The Sort-Of Atheist Who Loved O Holy Night
For a guy who doubted God’s existence, my father could be remarkably spiritual
“I don’t think God exists,” my late father used to say, “but I don’t know. Maybe I’m wrong.”
The Carl Sagan Defense, as I like to think of the way the also-late astrophysicist expressed his spiritual beliefs.
Both men illustrate the unspoken truth that you don’t have to be religious — or even believe in divine beings — to be spiritual. Don’t tell me Carl Sagan wasn’t spiritual, not the way he described the universe and captured the imaginations of billyyyuuns with all he’d discovered.
I have a Canadian friend who’s as hardcore atheist as they come, but he’s described his vacations in Ontario’s Algonquin Park, photographing moose and other wildlife, as the closest thing to a ‘spiritual experience’ as he can describe.
I’m not sure anyone can truly call themselves non-spiritual. There may be some. I think first of psychopaths but they’re only the most obvious candidates. Maybe one can truly be non-spiritual without being the sort of person your ex-girlfriend writes social platform articles about.
My father died a week before Christmas nine years ago. He loved the holiday including going to church with the family that evening. It was his one big day a year. Mine too, after I became a Pagan. Mom used to joke that Dad and I were the ‘family heathen’, but she said it lovingly.
She and Dad agreed before they married on how to raise the children. Dad isn’t religious, doesn’t go to church, and he’s not a bad person. You don’t have to go to church to be a good person.
My brother and I, on the other hand, had to go because Mom Said So. Actually, she gave other reasons that I don’t remember but that’s pretty much how my brother and I interpreted it. She said when we were older we could decide whether to continue.
We both chose not, years later. My bro’ one day went back and stayed; I joined Dad, now in spirit, as the Remaining Family Heathen to remind God, in case He got busy and forgot, that it’s Christmas. “Holy Mother of Me, hi Nicole! Is it Christmas already? Geez, how time gets away from Me! Seems like it was just Easter yesterday. That’s just how it is when You’re eternal, I guess!”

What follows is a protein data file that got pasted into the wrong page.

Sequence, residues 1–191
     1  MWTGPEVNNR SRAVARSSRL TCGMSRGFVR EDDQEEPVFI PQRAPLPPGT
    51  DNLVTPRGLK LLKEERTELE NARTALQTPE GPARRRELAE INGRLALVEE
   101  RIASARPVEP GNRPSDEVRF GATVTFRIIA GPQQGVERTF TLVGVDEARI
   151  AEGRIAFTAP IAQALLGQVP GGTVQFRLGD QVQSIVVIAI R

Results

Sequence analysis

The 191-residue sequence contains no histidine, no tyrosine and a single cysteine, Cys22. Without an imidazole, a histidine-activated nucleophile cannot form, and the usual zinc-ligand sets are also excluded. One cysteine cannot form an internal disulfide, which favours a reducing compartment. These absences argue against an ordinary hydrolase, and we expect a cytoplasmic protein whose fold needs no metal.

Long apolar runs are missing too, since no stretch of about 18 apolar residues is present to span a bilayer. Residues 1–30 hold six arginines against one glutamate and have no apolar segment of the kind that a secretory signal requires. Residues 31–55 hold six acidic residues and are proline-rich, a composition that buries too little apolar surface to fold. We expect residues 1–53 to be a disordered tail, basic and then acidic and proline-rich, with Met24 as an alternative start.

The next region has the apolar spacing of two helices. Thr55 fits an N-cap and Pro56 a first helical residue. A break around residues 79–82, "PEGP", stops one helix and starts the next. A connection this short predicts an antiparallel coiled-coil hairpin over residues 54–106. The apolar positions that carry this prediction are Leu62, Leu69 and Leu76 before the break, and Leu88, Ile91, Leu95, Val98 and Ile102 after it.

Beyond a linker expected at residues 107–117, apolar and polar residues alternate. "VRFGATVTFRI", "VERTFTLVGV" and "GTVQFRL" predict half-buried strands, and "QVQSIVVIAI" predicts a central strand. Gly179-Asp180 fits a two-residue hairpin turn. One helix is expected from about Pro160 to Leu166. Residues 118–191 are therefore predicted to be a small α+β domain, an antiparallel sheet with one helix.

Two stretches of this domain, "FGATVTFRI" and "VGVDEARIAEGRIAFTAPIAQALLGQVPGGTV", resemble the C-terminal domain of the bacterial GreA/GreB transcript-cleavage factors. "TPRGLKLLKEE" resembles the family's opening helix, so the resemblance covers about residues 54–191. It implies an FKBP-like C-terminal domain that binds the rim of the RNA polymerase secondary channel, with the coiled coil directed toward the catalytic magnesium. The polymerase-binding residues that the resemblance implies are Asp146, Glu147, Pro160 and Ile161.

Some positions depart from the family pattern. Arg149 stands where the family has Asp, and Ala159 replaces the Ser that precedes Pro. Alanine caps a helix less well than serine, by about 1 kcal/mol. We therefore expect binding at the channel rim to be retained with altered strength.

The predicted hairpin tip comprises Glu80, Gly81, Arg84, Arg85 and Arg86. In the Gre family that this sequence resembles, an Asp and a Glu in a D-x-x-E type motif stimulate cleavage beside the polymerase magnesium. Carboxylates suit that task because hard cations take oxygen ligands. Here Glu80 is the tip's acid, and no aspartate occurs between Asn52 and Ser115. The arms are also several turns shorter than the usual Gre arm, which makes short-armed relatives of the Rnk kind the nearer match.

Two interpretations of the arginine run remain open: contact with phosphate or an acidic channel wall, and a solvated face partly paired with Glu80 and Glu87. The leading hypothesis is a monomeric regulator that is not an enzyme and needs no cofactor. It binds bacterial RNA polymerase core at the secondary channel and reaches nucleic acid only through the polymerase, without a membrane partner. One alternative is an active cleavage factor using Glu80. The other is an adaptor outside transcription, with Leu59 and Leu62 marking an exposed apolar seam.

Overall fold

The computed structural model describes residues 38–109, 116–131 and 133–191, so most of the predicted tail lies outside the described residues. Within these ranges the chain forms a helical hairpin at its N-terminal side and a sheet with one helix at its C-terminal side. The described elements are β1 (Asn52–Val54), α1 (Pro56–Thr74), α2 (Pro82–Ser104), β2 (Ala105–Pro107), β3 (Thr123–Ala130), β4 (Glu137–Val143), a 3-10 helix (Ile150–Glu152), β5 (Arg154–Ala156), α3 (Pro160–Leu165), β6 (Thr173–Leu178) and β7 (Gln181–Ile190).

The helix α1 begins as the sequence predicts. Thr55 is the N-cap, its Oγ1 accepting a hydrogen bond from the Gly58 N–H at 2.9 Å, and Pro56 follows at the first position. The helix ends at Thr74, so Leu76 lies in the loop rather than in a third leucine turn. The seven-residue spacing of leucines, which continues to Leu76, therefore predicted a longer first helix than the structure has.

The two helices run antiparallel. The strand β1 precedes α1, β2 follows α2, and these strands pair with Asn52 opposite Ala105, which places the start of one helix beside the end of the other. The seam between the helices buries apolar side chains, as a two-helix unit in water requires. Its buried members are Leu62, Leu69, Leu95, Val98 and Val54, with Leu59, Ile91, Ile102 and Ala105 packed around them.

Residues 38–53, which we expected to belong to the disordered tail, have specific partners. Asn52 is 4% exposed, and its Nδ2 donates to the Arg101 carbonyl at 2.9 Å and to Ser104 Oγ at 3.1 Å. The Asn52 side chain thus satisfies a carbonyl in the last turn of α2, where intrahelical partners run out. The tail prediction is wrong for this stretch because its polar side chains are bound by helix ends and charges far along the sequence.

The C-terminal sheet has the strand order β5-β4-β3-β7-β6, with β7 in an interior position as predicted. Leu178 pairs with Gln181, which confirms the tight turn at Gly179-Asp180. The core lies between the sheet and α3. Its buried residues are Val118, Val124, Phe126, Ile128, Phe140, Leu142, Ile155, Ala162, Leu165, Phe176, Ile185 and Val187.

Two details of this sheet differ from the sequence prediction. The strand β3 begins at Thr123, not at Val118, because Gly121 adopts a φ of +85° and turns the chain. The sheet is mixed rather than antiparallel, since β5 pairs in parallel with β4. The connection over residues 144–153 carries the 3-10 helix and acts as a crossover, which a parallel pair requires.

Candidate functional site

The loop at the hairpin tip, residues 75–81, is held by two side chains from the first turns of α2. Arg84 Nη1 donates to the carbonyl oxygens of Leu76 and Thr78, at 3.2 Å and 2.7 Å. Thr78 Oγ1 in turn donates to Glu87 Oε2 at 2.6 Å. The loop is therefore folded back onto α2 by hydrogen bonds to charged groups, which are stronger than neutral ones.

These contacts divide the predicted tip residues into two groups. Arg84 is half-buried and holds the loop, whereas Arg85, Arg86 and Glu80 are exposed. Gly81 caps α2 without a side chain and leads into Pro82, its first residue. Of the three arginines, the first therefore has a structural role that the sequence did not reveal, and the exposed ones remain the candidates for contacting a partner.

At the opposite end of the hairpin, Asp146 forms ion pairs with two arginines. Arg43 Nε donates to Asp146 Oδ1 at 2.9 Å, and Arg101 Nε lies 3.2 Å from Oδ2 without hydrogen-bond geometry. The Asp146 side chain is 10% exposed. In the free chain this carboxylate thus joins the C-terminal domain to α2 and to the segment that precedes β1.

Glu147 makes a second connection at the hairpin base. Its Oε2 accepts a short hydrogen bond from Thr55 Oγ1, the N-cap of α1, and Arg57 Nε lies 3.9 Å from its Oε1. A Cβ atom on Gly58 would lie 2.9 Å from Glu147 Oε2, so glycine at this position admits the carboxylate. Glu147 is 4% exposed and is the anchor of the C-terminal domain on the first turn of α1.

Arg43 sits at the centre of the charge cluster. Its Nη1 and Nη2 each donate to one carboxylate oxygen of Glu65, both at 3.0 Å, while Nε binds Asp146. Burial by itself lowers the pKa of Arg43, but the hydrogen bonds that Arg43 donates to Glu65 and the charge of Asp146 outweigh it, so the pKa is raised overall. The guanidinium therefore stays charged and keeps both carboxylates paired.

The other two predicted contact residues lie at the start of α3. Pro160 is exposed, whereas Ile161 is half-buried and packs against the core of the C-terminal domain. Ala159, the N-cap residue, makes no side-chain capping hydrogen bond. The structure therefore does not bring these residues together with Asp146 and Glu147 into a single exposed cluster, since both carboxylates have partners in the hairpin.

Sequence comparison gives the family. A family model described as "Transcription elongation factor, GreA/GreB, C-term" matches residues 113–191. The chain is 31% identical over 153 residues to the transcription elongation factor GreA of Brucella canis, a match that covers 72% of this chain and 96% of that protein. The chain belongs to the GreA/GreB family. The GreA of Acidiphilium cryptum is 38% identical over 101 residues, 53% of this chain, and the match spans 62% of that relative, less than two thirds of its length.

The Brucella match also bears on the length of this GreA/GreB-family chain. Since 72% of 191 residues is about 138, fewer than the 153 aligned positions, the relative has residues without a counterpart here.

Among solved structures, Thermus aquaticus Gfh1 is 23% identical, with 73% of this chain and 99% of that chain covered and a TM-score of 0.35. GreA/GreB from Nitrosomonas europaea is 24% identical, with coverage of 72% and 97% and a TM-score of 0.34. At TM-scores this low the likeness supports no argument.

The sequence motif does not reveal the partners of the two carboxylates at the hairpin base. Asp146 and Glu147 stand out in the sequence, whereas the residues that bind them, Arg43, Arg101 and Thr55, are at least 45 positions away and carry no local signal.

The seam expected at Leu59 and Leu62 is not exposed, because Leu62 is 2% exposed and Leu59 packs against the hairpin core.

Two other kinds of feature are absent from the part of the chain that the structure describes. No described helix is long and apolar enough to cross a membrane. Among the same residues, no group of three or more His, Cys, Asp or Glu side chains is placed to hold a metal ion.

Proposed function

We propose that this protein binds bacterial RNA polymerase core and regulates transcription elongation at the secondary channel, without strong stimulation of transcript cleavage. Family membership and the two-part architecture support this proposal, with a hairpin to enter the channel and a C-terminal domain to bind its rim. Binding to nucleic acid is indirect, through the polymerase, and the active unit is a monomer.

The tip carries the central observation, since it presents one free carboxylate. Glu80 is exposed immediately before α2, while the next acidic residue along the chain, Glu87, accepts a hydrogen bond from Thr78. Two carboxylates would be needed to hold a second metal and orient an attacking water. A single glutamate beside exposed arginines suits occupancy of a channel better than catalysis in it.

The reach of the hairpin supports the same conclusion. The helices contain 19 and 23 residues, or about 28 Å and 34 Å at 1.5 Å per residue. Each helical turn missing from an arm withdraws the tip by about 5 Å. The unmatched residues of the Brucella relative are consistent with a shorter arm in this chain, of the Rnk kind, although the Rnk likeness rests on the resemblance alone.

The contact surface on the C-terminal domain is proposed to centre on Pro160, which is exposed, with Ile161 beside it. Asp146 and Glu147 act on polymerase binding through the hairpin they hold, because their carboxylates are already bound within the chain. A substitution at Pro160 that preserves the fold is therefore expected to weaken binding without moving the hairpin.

I won’t be in church with my family this year since I can’t cross the border. I doubt they’ll be in church either. My Sister-In-Law-Da-Healthcare Worker probably said no even if others said they wanted to go. Even if their church allowed a service. I’m not sure it did since Lutherans were never the blindingly insane Jesus-will-protect-me brand of Christians.
I learned before Dad died that O Holy Night was his favorite Christmas carol. Mine too!
Out of all the carols in the world, he selected the one that reeks of Christian belief, joy and hope embodied in an infant mankind Saviour. I can’t even sing it without tearing up because it’s so beautiful, and I don’t even believe in the literal story anymore. Dad, I’m sure, never did.
He didn’t grow up religious. My French grandparents turned their backs on Catholicism. My grandmother called priests les bigots, which means ‘the sanctimonious ones’.
I don’t know what my grandfather called them, but I’m quite certain it wasn’t nearly as polite, as the reason he left Catholicism had something to do with being an altar boy. We don’t know the full story.
Dad had long interest in Christianity. Maybe it was being married to a Christian woman who wasn’t une bigote.
He loved watching documentaries and Biblical stories on the History Channel. After I became a Pagan, I developed an interest in learning about all religions, especially my birth religion, since independent investigation teaches you a lot you never learn in church. Dad’s interest was primarily Christianity, and he’d say to me, “Hey, there’s a good show on the historical Jesus tonight! You wanna watch it?” or “Nicole, come here, you’ve gotta see this! It’s a show about the disciples and what happened to them later!”
Maybe it was a father-daughter bonding ploy. But I don’t think that was entirely it. Dad would be watching these before I got home, or before I entered the room. Mom would be in the bedroom, watching some hellbound secular heathen thing like Golden Girls.
Mom used to say she didn’t think Dad was as agnostic as he claimed. I agreed. I think he got something out of those TV shows. The Christians will likely never get me back, but I have a kinder view of them after years of living in the evangelical-infested U.S. soured me mightily. Those shows taught me truths I never learned in Sunday School.
When Dad died and the pastor asked, “What music do you want at the funeral?” I said, “We have to play O Holy Night. It was Dad’s favorite.” And in keeping with the season since he’d be buried a few days before Christmas.
We did. I couldn’t sing it at all.
Every time I hear it, I think of my father.
“Don’t get messed up, God, just because Dad and I are here. It’s not Christmas Eve yet! Talk to you again in a few days.”
When I’m not getting messed up listening to O Holy Night with my Dad (in spirit) at Christmas, I help women reclaim their power at my website Grow Some Labia.